At Dunn Gardens we are coming up on our Winter Solstice Stroll, one of our flat out most loved events. If we are really honest, we are cheating and holding it ahead of schedule; December 10 as opposed to December 21. It turns out the date of the actual solstice varies from year to year. It can be as late as December 23. The last time that happened was in 1903. It’s probably not a good idea to make plans to celebrate the next December 23rd solstice since it will not happen till 2303.
The word solstice comes from the Latin, solstitium which means the sun stands still. It is at the southern most position from the earth and appears to pause before it changes direction and the days get longer. (This year the pause will happen at exactly 4:31 pm on December 21.)
Celebrating the shortest day or, more correctly, the prospect of increasing daylight has a long history. In ancient Rome the festival of Saturnalia, held as far back as 217 BC, began on December 17 and lasted a full week. Ostensibly, the celebrations were in honor the sun god, Saturn and were noted for their reversal of the common order: masters served slaves, grudges were forgotten, wars were postponed. However, over the years the celebrations and the name of the festival became linked with excess and license. They certainly offended the Christians who began their celebrations on December 25, as an offset to the pagan carryings on.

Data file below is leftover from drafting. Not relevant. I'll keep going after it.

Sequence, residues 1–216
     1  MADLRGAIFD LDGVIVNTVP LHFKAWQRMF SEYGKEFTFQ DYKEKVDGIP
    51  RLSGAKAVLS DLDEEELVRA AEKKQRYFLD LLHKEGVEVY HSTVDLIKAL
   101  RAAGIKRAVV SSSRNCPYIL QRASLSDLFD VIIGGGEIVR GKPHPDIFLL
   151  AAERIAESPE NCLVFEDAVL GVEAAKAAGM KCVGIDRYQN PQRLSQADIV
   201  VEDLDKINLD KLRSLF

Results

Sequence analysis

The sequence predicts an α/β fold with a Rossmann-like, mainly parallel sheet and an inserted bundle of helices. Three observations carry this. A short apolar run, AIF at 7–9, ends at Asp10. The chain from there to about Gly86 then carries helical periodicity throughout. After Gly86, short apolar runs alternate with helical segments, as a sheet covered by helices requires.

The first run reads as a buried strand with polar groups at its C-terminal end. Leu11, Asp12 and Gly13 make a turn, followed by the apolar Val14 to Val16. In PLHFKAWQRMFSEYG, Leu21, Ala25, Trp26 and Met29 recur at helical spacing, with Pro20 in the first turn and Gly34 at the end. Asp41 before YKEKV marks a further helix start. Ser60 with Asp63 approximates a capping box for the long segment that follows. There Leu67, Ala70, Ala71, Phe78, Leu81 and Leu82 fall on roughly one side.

The Scandinavians also honored one of their gods with a festival at the time of the solstice. During the celebration they burned a yule log in tribute to Thor. They kept a little as a starter of the fire for next year’s celebration and also for luck. Their European contemporaries had slightly different customs. Typically, the Yule logs were burned to ash that was thrown on fields as fertilizer. (Composting at solstice, no less; makes a gardener glow.)
Like the ancient Scandinavians, folks at the Dunn Gardens will be burning some logs in the fire pit during our solstice. We will also be inviting visitors to walk the Celtic spiral constructed from greenery found in the garden. The Celtic spiral is one of the most ancient of symbols and it represents the sun. Visitors will light a candle and walk in one direction by its intimate light, contemplating the old year. Like the sun they will pause and stand still for a moment before changing direction. On the way back they will greet the New Year and the promise it holds.
Having observed that little ritual, visitors will be invited to find something warm to drink. Can you think of a better way to celebrate, with friends, the shortest day of the year, with its promise of light, sun and the opportunity to enjoy a garden once more. I personally cannot. And I suspect the promises hold good, even if you are celebrating a touch early.
This event is a membership benefit. Members are invited to bring guests and a donation is welcomed. Thank you.
Photo by Kathy Admire